Why must Khalishpur die? |
Last week, I accompanied members of the "Jatiyo Tran Committee" (a voluntary group headed by Justice Gholam Rabbani, formed to provide assistance to distressed citizens) who had collected funds to help the jute workers of Khalishpur tide over the very difficult times they faced, with the sudden termination of their employment in four jute mills: Eastern, Platinum, People's and Crescent. Khalishpur, an industrial area, looked dead, as mills had ground to a halt, shops were closed, and total uncertainty faced its large population of workers.
The local volunteers of the Committee, mostly jute workers themselves, had done a brilliant job of organising the food distribution to about 7,000 families, and as we arrived at each site, we found disciplined lines of workers, their children or wives, waiting for their share of khitchuri.
Earlier, the workers had been given slips by the organisers to identify family members of those who's jobs had been terminated since April, without receiving their back wages.
The distribution took place outside three of the mills. The manager in one of the mills had told the Committee that there was no crisis, and workers were doing well! Yet it was from this mill that workers brought their vessels for food. Before the distribution started, personnel claiming to represent intelligence agencies did the rounds of the Committee in Dhaka and Khulna to find out the purpose of the distribution.
Justice Rabbani, too, was telephoned by the BJMC chief. The Committee had collected sufficient funds to keep the distribution going for about 5 days, but at the end of the first day, the local organisers were told to remove their cooking vessels and stop distribution. Four workers were roughly handled, allegedly by the police, and told to stop their voluntary work.
When the police commissioner was asked, he claimed he had given no such orders. So who had, and why was it necessary to stop this support? When milad mahfils are held, no one is stopped from distributing food to the needy, it is seen as an act of kindness. With floods staring us in the face, will not the government want citizens' involvement in managing the disaster, as they have done in previous years? So, what's so different about Khalishpur?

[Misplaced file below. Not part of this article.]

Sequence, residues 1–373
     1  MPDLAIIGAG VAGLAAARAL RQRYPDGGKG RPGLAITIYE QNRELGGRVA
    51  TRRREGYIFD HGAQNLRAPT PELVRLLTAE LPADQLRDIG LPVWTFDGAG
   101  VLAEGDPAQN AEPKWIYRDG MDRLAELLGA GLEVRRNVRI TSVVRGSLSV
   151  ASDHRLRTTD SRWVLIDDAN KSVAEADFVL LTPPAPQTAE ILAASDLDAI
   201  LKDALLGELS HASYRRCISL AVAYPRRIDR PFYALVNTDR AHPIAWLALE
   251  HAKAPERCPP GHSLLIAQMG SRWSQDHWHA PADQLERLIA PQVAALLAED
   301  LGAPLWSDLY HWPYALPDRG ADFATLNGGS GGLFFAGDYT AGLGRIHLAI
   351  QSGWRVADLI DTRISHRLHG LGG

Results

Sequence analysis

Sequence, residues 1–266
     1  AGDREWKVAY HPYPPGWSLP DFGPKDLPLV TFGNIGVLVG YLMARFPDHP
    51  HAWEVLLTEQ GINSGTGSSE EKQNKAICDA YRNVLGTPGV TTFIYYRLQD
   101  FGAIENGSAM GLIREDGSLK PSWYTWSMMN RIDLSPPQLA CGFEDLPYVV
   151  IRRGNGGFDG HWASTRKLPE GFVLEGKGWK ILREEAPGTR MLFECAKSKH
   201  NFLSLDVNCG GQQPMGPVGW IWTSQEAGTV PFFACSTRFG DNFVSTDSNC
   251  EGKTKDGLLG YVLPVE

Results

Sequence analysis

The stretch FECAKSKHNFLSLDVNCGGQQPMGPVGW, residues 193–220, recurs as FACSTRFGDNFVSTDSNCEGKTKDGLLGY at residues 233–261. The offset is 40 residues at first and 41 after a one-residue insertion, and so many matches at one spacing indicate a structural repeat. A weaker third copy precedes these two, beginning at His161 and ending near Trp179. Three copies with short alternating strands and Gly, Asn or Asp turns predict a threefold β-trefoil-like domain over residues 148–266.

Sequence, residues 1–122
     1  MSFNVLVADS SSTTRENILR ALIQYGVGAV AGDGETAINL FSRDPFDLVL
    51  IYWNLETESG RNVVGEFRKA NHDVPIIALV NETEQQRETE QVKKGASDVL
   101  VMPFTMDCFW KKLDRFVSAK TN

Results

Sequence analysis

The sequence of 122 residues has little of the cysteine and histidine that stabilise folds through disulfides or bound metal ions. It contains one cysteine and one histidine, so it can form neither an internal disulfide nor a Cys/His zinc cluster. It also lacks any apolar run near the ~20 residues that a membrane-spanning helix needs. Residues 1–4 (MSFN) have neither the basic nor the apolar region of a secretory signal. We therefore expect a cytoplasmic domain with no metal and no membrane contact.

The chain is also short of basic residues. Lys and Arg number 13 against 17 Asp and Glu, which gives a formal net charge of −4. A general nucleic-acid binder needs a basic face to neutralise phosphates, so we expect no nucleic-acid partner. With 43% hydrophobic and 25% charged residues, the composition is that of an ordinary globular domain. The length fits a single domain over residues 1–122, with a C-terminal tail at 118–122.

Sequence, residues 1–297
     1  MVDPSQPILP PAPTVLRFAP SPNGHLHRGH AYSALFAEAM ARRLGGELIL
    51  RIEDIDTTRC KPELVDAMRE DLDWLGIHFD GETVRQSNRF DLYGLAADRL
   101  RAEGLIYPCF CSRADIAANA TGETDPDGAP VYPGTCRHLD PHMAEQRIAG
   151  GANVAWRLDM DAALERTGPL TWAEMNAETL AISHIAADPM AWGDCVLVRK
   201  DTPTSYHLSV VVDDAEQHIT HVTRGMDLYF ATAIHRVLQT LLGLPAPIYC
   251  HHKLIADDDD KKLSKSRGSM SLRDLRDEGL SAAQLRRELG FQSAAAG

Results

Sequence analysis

The loss of workers' jobs means starvation for their families, deprivation of education for their children, sickness, and social instability. In other words, what we are hoping to create in the name of industrial efficiency is likely to be a social disaster. In April, the termination of jobs of 1500 workers of People's Jute Mills led to protests and demands of payment of back wages and other benefits. This brought on police violence and filing of criminal charges against 5000 workers.
While legal aid organisations obtained release of the arrested workers on bail and appealed for withdrawal of cases against them, other citizens' groups helped with medical care and other forms of support. Why should these actions be called into question? Do we want Bangladesh to be known as a country where citizens are callous to each other's needs?
On July 18, the jute advisor announced a "rescue" plan, which rests on closure of four mills and over 50 raw jute sales centres, and termination of 14,000 jobs. She hoped to clear all workers' dues in July and August. What are workers expected to live on between April and July? As it is, they have taken loans at high interest from local money lenders, as it is, they are being told to vacate their houses in the mill colonies, as it is, they are told that the cost of rent and utilities will be deducted from their wages.
Will it help Bangladesh's image if these workers and their families end up on the bread line, their children unable to go to school because there is no money for school fees? Are they not likely to become easy victims of trafficking?
An interim government is not expected to solve all the accumulated problems of Bangladesh. Dealing with corruption and walking the road map to elections are, themselves, mighty forbidding tasks.
To smoothen the way for industrial reform, the council of advisors would do well to prioritise certain criteria for industrial regeneration and management reforms. And these criteria cannot exclude workers skilled in manufacturing products that are in increasing demand worldwide because of environmental factors, and low cost of production.
In jute, Bangladesh has a competitive advantage because of its raw material supply as well as its skilled labour. Let's not lose these through hastily arrived at solutions. Let's take another look, and involve knowledgeable persons outside the government who might be able to find a better way than that suggested by bureaucrats. A long-term industrial solution may project a better image for Bangladesh than a plan for dis-employment.
Hamida Hussain is Convener of the Sromik Nirapotta Forum.